Abstract / Description of output
This paper examines the idea of the sui generis in international law and explores how these exceptions structure international legal thought. Exceptions are useful to international law theorising because they create easy manageable narratives which explain situations not fitting traditional paradigms, yet as a category in their own right – specifically how they are structured and how they operate –, they are often undertheorized. The two examples explored in this article are sui generis actors and the concept of extraterritorial jurisdiction. I demonstrate the foundational role played by (state-)territorialized thinking in the creation of oppositional categories: state and non-state and the non-exceptional and exceptional exercise of jurisdiction. The category of exceptions has significantly expanded from the likes of the Holy See and irregular exercise of extraterritorial jurisdiction to a broad array of actors, such as international organizations and transnational corporations, playing growing and varied roles in contemporary law-making and governance and the regular exercise of extraterritorial jurisdiction by states. Rather than continuing with this overextended category, the article argues it is instead possible, by rethinking international law’s spatial imaginary, to first, better understand the spaces of non-state actors and regularized exercise of extraterritorial jurisdiction and second, eradicate the now overstretched legal category of ‘sui generis’.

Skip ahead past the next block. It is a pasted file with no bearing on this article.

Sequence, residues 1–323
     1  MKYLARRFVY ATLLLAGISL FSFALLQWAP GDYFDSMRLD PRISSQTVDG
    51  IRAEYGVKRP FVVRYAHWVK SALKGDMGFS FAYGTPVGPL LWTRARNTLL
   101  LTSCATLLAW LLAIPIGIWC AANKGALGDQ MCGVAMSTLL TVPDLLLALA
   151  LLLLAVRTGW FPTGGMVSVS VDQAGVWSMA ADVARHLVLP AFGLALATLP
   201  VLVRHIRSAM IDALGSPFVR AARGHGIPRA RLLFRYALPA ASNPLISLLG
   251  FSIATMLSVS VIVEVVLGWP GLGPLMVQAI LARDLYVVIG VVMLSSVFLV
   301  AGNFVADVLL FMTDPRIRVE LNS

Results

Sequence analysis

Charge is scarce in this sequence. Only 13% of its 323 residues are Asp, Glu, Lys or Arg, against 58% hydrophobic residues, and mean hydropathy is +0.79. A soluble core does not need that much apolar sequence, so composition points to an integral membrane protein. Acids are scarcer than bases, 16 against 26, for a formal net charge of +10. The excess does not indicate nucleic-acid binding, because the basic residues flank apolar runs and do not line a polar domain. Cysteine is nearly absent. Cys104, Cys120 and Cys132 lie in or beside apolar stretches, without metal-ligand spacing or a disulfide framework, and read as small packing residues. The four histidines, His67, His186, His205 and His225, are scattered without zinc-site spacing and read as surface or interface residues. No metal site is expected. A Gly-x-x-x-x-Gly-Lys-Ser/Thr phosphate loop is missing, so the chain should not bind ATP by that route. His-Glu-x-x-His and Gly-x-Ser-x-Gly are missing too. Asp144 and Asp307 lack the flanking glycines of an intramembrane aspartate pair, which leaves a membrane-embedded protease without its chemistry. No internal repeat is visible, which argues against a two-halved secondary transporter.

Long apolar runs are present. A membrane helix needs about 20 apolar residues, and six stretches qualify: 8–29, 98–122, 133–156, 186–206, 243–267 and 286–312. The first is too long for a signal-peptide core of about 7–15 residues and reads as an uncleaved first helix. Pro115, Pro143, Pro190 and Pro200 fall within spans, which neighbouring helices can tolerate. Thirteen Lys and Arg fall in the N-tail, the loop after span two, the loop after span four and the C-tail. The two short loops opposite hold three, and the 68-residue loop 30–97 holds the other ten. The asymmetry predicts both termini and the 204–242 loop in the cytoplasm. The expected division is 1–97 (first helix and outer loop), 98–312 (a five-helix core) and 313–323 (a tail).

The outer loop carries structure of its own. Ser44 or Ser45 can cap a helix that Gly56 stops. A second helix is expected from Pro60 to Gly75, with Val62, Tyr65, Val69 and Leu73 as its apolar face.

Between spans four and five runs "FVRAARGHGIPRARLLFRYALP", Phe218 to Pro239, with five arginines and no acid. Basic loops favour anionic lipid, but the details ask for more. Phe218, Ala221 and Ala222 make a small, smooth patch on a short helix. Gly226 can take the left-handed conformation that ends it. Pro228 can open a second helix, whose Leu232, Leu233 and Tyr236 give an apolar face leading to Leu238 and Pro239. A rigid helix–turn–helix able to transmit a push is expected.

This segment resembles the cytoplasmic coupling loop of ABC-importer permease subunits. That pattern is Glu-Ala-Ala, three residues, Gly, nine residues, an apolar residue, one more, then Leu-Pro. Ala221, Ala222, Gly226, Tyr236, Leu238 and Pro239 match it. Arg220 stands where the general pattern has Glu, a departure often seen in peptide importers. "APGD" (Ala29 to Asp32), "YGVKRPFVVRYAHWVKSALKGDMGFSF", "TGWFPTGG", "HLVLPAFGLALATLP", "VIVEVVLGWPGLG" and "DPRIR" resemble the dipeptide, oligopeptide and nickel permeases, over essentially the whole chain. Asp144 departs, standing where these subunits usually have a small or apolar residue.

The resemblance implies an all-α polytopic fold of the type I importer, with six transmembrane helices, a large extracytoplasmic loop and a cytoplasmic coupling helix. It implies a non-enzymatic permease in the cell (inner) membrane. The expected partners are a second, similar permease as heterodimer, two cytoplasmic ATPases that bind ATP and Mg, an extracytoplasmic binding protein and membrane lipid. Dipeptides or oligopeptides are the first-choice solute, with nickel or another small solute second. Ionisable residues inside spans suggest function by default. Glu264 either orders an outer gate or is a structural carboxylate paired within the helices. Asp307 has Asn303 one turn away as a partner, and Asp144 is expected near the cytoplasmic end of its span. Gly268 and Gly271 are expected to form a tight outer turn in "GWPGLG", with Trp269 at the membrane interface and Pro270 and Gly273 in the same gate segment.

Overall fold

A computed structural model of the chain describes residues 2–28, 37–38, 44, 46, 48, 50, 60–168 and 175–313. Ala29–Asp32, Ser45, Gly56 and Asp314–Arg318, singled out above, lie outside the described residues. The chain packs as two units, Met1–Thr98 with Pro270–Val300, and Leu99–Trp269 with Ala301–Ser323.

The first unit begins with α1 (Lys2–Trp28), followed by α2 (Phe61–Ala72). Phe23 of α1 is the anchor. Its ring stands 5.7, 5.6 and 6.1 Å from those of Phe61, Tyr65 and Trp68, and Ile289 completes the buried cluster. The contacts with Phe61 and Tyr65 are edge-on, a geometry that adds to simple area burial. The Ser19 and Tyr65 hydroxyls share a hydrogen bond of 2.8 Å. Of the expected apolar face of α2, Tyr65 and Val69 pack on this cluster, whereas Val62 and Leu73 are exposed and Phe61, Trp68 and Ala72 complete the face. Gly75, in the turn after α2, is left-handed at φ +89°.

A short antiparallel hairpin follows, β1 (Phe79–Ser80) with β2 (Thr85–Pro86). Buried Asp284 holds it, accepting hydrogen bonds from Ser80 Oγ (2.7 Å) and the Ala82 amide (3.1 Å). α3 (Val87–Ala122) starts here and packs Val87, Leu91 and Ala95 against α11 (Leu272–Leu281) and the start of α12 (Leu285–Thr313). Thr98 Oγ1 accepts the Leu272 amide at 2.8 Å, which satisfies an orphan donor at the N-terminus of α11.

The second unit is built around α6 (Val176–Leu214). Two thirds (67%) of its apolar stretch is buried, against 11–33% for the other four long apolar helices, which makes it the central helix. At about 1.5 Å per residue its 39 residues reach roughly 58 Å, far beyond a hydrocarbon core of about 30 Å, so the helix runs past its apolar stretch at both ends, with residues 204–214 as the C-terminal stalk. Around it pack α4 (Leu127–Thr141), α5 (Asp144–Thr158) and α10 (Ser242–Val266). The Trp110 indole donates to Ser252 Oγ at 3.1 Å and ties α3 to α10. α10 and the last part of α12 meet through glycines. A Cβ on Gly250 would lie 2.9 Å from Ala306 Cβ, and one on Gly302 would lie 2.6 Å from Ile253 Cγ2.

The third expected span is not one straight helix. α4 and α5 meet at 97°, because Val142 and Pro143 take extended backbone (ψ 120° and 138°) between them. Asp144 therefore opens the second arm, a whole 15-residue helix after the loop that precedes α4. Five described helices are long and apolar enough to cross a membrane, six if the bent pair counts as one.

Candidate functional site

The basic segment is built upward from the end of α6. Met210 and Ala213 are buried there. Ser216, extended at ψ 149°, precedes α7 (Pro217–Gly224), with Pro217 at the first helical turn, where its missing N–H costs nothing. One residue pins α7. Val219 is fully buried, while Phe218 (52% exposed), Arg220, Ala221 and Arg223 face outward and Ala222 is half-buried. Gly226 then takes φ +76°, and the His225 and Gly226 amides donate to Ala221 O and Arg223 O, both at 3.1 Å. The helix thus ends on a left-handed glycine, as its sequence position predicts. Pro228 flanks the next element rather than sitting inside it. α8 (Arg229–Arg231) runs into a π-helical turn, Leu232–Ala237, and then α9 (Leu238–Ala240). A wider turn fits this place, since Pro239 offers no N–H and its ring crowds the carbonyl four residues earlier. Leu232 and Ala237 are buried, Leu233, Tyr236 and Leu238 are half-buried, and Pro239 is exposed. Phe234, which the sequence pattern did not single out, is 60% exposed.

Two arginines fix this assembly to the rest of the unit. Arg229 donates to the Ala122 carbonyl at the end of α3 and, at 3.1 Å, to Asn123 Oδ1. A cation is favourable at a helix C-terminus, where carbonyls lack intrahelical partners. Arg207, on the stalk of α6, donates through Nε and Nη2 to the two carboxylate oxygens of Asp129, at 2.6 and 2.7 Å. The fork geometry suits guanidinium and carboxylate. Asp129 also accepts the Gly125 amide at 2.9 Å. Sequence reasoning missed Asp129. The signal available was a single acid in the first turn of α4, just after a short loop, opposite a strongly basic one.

Keywords / Materials (for Non-textual outputs)
- sui generis
- legal geography
- international legal theory